One more thing, as I run a lvm on top of the raid I also had to do pvresize /dev/md1 before the volume group and volumes could be extended.ReplyDelete
good postgood helpthanksReplyDelete
To be very true, I am not much comfortable with all Linux command prompt because it needs to be very well learned skills. I am happy to know a way to backup all that and to have extra storage. I couldn't imagine that it can be this much easy.eural passReplyDelete
Got mine working too. Was about to get another set of hard drives before stumbling onto this post.ReplyDelete
The chain is no stronger than its weakest linkReplyDelete
Awesome external hard drive hack! You are the man! Thanks for the info brother..ReplyDelete
great piece, i appreciate the information, let us know if you have any other info to pass alongReplyDelete
[...] nur durch einen anderen RAID-Header unterscheiden. Ausprobiert hat das ganze zum Glück auch schon hier jemand. Soweit die Theorie - die Praxis verursachte bei mir doch ein wenig Gänsehaut, daher habe [...]ReplyDelete
Optionally You can create RAID5 with 3 devices, one of them missing:mdadm --create /dev/md0 --level 5 --raid-devices 3 /dev/hda1 /dev/hdb1 missingand later add missing drivemdadm /dev/md0 -a /dev/hdc1ReplyDelete
I tried this with Openfiler 2.3 and the mdadm --stop /dev/md1 (in my case) gives a device or resource busy error. Anyway to get it to not be open on boot? Openfiler is probing the raid array on boot, and I can't seem to figure out what to take out of the start out so it won't... ideas?ReplyDelete
You will have to unmount the filesystem for the device to not be in use. If this is not possible, try booting from a rescue CD/DVD/floppy/USB-stick. You should then be able to load the RAID drivers and access the device(s) without them being in use.ReplyDelete
[...] dat het geen mirror maar een raid5 wordt met nog alle data toegankelijk? volgens dit artikel Converting RAID1 to RAID5 with no data loss scott:// zou het mogelijk zijn met een fedora bootcd? __________________ Microsoft Certified Professional [...]ReplyDelete
I have a relatively new raid1 using metadata 1.1 and this method didn't work for me. The newly created raid5 array has about 80 blocks less than the raid1 with the same devices. XFS couldn't find the superblock.For my raid1->raid5 method I used the proven rsync and copying the data from the last raid1 device to the new degraded raid5.ReplyDelete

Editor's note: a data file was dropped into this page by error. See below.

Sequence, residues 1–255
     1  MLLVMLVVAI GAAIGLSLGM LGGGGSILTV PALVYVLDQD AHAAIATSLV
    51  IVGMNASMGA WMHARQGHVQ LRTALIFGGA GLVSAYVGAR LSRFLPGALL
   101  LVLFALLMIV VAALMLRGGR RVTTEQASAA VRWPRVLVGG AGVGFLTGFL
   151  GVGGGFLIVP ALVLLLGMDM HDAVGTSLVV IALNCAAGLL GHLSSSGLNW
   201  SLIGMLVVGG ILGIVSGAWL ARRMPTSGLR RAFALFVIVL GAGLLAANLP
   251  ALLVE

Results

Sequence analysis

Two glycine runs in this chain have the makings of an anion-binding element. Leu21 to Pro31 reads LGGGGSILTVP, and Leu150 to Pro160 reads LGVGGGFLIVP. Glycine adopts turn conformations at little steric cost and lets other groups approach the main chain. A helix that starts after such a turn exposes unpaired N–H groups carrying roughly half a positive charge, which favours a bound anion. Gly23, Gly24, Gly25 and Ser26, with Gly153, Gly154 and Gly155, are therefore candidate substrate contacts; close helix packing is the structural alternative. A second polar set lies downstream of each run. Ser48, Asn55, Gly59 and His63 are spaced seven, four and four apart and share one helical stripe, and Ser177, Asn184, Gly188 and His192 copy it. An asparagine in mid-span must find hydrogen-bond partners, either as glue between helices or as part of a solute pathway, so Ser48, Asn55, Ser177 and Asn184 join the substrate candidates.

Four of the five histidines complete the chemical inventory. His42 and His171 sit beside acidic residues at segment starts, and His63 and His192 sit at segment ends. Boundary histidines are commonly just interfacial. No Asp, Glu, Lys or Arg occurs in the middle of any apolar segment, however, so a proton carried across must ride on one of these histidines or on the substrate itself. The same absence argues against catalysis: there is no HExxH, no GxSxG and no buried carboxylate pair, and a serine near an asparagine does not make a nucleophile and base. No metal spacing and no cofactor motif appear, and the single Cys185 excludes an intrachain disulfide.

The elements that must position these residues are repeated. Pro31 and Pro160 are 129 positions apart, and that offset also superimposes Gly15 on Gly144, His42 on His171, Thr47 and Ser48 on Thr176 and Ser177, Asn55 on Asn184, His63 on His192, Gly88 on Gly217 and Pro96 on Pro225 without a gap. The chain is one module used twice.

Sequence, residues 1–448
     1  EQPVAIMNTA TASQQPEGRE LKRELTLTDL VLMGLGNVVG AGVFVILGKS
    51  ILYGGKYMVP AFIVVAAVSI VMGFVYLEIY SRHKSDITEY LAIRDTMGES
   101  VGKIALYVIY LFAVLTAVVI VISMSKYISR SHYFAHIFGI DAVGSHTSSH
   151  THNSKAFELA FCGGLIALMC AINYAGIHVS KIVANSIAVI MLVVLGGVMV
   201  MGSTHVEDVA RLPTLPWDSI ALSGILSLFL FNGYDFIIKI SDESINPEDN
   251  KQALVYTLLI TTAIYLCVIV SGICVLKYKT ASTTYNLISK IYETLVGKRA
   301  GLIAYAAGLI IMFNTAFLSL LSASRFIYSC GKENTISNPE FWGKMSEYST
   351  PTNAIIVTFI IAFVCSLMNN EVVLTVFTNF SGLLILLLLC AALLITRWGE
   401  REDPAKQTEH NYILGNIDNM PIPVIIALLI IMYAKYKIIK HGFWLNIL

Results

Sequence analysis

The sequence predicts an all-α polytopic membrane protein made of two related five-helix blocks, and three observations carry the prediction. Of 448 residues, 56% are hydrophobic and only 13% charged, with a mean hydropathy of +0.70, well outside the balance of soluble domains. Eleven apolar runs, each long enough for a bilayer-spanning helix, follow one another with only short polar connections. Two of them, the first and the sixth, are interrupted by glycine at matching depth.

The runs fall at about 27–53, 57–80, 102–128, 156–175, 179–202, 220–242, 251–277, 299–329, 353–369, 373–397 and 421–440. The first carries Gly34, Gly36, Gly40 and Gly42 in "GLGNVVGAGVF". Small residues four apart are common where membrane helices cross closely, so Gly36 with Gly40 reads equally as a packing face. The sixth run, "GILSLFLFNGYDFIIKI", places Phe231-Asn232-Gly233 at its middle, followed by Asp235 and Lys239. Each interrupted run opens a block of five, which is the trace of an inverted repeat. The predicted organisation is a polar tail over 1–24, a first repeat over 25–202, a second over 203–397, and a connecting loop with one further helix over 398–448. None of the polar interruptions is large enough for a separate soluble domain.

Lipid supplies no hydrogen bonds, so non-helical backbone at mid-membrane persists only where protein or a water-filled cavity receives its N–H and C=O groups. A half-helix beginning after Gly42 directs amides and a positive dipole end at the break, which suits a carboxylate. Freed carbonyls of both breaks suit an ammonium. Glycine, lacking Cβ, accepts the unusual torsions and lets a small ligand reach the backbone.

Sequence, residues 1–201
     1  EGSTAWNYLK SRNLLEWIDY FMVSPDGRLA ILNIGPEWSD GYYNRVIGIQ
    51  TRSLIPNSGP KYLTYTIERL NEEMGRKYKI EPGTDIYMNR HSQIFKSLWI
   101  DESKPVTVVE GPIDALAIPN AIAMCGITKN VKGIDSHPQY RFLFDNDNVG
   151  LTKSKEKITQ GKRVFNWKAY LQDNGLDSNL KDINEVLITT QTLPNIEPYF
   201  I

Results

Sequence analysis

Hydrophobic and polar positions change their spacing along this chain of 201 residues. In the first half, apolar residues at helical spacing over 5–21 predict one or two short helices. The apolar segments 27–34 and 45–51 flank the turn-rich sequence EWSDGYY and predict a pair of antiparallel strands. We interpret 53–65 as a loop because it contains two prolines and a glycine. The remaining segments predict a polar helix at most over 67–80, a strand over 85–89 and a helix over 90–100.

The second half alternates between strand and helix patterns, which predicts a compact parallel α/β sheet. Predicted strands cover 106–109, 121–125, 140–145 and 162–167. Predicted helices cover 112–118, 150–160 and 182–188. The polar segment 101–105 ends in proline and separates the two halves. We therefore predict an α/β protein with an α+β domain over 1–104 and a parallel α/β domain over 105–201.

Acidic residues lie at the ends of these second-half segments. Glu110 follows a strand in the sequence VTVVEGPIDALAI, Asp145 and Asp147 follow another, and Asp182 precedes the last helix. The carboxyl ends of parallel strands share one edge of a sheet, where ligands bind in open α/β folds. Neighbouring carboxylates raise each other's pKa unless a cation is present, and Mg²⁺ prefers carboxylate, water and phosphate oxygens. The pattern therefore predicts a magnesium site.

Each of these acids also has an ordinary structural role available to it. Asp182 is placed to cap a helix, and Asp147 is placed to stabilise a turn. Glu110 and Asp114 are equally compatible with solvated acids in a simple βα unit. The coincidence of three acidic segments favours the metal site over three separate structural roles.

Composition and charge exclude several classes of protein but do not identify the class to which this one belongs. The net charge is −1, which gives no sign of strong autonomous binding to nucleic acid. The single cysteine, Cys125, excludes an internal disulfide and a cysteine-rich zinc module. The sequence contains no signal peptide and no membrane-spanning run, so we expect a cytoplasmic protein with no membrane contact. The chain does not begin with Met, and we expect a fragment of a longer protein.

tried this, but the filesystem's superblock was corrupt afterwards. I am not sure what I did wrong. I did issue higher numbers for/sys/block/md0/md/stripe_cache_size/proc/sys/dev/raid/speed_limit_min/proc/sys/dev/raid/speed_limit_maxDuring reshape which sped up reshaping from a slow 400k/s to about a decent 12000 k/s.Reshaping still took more than 2 days and a 3*1.5 TB drives. I guess just fromatting, rebuilding the array and than putting back a backup would have been faster, and less risky.ReplyDelete
in follow up to post 17: The new drive I added to the array was faulty. After reboot the bios would not recognize it anymore, so the file system corruption is sort of a logical outcome. I replaced the drive and rebuild the array using my backup to restore data which was a 10 hour job. Everything seems fine now.ReplyDelete
Ran across your blog when searching for Raid 1 to Raid 5 Google. Just wanted to say thanks for posting this. It worked like a champ! The resize took about 2-1/2 days going from two 1.5tb drives to three 1.5tb drives.ReplyDelete
It's an interesting way to handle the situation for sure. Alternately, you can go from what 'pm' said (February 12, 2009): you could break the RAID-1 mirror by removing one of the disks from it. You could then add two more drives, and build a RAID-5 array in degraded mode using those drives. Once the array is running, you can copy your stuff over from RAID-1 to RAID-5. Finally remove the remaining RAID-1 disk, and replace it with the third RAID-5 disk, and add it to the array.Doing it this way will save you from the process of extending the RAID-5 array, although I don't really know how long the copying of files would take. I imagine it should be faster though.Obviously, you can use the disks removed from RAID-1 array to build the RAID-5 array as they become available (in which case you'll be well adviced to arrange some other method of backup, just in case a disk fails at critical moment, or something else goes wrong).If you plan to replace all of the disks with bigger ones, and retire your old RAID-1 disks, then your RAID-1 array will remain unaltered during the whole process (even though one of the drives is physically removed from the computer, both of them still independently hold all the data), so if something goes wrong, you still -shouldn't- have lost any of your data. Even so, backup is of course always a good idea.ReplyDelete
Yes, thanks for adding to the discussion. There's quite a few different ways to do this type of upgrade but I tried to concentrate on the process of converting a RAID1 array - which was a fairly unique process at the time.ReplyDelete